I read Exploring Science Through Science Fiction by Professor Luokkala when I took his Science & Science Fiction class, and although these two books study science fictions/sci-fis, they look into very different things. It was interesting to see how the authors of Making It So decided to tackle the structure of their research and presentation. I really like how interfaces in science fiction are studied in a inspiring fashion, i.e. the authors don’t criticize what’s wrong/impossible but what we can learn from them and how they have changed real-world interfaces/products.
What was the most fascinating to me was the amount of data they collected and data visualization. For example, when discussing colors, the authors used color histograms and effectively demonstrated that blue is the most popular color. I knew the psychological fact that blue is the universal preferred color, but I didn’t know that blue was used the most in sci-fi movies due to technology constraints.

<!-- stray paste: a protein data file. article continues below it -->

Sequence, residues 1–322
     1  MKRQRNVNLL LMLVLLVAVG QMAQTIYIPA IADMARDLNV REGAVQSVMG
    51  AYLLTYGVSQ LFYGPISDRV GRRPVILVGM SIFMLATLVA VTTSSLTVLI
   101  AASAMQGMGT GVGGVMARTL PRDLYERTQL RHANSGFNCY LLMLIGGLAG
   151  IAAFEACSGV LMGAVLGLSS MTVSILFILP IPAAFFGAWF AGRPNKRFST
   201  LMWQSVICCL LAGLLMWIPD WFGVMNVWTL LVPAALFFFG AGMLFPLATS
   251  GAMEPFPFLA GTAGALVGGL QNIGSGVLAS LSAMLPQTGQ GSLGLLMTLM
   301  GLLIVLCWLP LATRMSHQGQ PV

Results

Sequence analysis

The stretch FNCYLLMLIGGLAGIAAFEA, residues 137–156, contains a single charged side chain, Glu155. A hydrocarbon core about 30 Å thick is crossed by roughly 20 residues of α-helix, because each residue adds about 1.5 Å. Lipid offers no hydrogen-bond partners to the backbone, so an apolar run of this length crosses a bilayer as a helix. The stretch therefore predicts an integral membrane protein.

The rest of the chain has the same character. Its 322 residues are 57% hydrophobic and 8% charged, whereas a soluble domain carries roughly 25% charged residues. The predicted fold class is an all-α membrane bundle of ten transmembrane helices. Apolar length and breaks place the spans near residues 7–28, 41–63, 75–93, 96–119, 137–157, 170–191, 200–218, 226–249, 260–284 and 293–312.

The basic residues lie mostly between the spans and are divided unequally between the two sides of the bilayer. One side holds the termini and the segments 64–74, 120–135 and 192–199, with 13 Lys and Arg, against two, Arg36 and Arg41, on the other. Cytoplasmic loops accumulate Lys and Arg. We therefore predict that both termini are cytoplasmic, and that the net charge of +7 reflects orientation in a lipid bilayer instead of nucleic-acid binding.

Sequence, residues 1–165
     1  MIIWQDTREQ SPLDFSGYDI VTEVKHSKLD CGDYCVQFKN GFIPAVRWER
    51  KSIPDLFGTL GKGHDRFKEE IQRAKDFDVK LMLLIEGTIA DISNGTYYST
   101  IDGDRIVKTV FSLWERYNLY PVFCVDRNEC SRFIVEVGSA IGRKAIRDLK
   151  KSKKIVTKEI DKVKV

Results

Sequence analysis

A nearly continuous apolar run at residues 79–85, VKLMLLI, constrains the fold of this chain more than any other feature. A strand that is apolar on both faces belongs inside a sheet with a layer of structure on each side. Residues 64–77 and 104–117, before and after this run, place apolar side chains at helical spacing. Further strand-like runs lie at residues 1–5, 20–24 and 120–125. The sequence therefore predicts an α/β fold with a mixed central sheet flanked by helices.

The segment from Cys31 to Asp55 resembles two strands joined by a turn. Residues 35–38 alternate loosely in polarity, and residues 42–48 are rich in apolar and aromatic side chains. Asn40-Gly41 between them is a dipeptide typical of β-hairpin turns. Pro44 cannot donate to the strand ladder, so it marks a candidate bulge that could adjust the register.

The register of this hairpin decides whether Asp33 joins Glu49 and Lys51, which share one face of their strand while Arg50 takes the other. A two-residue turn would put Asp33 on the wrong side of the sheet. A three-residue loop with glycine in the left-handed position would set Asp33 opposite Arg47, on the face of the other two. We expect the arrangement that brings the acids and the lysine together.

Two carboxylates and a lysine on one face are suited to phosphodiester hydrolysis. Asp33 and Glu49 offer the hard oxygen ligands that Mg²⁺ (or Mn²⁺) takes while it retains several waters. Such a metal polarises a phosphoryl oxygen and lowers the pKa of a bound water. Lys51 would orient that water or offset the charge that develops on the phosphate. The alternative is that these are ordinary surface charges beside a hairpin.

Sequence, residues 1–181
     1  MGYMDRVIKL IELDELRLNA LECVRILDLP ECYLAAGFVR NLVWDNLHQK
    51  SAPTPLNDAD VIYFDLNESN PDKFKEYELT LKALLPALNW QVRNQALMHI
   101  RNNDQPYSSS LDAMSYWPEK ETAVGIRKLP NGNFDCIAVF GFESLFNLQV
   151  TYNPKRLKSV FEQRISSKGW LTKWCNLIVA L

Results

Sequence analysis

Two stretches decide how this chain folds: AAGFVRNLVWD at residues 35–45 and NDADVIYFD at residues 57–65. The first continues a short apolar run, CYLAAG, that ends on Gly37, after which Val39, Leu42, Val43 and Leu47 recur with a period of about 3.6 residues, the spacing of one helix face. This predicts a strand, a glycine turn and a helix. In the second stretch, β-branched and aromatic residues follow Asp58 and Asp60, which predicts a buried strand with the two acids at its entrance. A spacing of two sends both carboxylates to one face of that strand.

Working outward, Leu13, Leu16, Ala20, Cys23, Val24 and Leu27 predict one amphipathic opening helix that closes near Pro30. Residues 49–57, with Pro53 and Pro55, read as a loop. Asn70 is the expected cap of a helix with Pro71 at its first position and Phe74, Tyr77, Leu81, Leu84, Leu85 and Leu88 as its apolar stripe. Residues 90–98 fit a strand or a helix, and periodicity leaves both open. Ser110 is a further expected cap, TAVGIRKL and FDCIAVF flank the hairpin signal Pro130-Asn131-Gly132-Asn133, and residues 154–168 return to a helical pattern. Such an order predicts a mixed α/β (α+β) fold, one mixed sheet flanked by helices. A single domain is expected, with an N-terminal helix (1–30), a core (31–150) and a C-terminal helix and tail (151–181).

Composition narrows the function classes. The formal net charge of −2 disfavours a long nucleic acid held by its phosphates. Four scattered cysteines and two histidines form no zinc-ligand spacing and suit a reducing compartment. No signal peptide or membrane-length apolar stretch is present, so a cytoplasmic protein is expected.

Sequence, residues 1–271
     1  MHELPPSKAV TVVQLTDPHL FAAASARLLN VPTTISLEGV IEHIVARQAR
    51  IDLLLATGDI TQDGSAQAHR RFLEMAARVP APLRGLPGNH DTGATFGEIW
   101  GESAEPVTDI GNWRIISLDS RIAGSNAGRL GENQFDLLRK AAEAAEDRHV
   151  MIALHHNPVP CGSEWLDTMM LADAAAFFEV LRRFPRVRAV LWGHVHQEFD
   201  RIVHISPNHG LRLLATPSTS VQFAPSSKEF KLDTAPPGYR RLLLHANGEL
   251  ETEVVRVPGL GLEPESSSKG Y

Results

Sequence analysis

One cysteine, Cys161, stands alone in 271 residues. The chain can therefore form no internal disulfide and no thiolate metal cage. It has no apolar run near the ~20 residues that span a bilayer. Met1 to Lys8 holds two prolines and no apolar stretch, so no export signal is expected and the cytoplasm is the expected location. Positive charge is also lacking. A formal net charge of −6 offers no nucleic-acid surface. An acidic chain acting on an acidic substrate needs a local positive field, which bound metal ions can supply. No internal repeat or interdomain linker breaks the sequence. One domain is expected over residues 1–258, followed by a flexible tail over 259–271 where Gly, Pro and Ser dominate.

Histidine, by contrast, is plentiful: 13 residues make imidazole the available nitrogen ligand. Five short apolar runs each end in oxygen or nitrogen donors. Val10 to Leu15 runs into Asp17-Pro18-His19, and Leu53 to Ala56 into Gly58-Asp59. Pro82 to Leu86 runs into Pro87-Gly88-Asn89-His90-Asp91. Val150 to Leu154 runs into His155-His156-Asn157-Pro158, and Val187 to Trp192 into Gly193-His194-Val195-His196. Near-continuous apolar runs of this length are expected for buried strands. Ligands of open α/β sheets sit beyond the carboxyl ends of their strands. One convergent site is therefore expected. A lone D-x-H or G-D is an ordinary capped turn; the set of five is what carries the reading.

After reading Make it so, and about science fiction, I both agree and disagree. Yes, science fiction is loaded with imagination and creativity, and it is rooted in what we have in present; however, I think science fiction became not only predictive but also very cliché. The technology we see and feel from Iron Man may be fascinating, yet the technology from those movies always brushes the mechanism of “how” it works under the rug and shows the sci-fi genius Tony Stark. (and it is always the job of modern-day real engineers to figure out the “how” part.) The depressing part of this, though, is that people just glances and walks pass thinking “meh, I’ve already seen Tony Stark doing it.”